Saturday, June 29, 2013

Many sides to every story

Vacations are great!  I find time to read, an old familiar pastime too often elusive these recent years.
I just finished a fascinating book providing a history of an Apache massacre.  Before you misread that, this was a massacre of approximately 150 Apache people - many women and children.  The massacre is known as the Camp Grant Massacre (or “affair” depending on who was describing it).  The book was written as a history of 4 different people groups involved so explored the incident from the different perspectives.  It was not an easy read, but it was a different presentation in terms of structure and well written, consequently, it was not hard to read either.
But the actual story I was reading notwithstanding - think about how many conflicts involve a number of points of view.  Especially those that go on for many years, decades, even generations.  And then let this closing paragraph from the book soak in to your consciousness.  Let is wash over your soul.  Think about how this might fit in the conflicts in your life and relationships.
“Given the obstacles to merging these fragile and diverse forms of storytelling into a single tale, it is, paradoxically, by venturing in the opposite direction -- by listening for the silences between accounts; by discovering what each genre of recordkeeping cannot tell us -- that we can capture most fully the human struggle to understand our elusive past. What this past asks of us in return is a willingness to recount all our stories -- our darkest tales as well as our most inspiring ones -- and to ponder those stories that violence has silenced forever. For until we recognize our shared capacity for inhumanity, how can we ever hope to tell stories of our mutual humanity?”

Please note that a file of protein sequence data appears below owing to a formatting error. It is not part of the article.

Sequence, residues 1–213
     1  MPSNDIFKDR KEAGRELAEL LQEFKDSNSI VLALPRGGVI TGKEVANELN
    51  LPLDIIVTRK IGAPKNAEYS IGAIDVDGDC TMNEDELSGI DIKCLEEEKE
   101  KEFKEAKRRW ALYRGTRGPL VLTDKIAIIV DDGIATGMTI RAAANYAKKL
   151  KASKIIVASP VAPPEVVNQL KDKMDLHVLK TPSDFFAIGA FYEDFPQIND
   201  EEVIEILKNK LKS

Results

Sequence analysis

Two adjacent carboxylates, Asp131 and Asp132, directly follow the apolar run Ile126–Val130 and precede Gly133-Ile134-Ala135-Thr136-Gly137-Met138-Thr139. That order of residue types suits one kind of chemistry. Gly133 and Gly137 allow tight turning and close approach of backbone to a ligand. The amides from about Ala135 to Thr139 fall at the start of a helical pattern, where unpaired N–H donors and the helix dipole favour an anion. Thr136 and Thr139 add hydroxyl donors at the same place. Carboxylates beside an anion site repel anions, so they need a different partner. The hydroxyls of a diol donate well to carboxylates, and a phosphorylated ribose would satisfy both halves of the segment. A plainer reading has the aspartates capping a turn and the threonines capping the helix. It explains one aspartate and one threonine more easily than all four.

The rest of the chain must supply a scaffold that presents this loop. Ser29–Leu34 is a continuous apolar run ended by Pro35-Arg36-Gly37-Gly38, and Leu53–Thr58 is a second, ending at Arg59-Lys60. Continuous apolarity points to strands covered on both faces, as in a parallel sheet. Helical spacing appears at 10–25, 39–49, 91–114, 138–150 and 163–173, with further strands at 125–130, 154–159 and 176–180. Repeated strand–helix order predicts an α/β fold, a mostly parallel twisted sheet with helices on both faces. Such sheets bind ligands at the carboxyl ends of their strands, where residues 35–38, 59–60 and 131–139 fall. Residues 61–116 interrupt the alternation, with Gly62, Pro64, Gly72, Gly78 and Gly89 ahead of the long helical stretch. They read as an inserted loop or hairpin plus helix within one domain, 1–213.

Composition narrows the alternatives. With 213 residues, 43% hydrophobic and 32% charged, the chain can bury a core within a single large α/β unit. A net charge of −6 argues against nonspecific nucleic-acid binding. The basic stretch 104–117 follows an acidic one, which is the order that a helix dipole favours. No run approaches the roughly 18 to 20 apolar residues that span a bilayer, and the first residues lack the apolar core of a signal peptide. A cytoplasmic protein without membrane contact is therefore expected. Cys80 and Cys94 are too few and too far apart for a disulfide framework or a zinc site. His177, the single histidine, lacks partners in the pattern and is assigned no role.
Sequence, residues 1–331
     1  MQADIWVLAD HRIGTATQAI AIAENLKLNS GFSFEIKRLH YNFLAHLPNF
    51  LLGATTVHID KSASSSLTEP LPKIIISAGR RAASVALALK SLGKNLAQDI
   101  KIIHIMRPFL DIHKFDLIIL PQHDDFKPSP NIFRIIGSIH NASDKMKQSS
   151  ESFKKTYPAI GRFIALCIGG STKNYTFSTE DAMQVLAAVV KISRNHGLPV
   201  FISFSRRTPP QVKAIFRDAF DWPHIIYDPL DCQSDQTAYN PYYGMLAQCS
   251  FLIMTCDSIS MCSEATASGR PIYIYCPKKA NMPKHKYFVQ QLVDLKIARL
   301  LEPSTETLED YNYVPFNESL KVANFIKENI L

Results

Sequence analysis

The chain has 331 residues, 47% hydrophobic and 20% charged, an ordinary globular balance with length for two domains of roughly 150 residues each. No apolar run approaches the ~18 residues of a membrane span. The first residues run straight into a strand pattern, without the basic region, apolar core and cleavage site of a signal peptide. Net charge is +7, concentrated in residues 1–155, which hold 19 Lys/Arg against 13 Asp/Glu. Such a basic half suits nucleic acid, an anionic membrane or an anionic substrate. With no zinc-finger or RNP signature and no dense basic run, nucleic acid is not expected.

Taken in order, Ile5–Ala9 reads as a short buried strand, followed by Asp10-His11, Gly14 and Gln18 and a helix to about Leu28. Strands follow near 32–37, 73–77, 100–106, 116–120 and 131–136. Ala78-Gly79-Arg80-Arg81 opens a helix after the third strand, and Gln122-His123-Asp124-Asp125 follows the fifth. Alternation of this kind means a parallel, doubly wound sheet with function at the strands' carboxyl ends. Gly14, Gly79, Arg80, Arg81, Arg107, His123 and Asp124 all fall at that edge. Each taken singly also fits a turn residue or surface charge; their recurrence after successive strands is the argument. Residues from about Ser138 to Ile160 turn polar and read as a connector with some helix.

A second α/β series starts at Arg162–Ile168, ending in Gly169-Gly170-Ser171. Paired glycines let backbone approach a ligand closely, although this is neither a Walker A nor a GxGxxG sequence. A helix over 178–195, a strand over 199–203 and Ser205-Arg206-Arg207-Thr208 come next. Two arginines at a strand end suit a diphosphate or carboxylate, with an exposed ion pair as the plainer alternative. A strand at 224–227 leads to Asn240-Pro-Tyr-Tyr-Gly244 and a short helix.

― Karl Jacoby, Shadows at Dawn: A Borderlands Massacre and the Violence of History
Interestingly I was in Tucson just over a week ago. I looked at a map to see if I could perhaps find my way over to Aravaipa Canyon (site of the massacre) early in the morning before we had to set off to the meetings of the day. I realized quickly that it was a good hour from where I was staying, and that was not practical.  But I hope one day soon when I am back in Tucson, to be there at dawn and listen for the silence.
"To the Lakota, to the Indian,
        when you listen, you're praying.
                That's a form of prayer, when you listen."
- Russell Means

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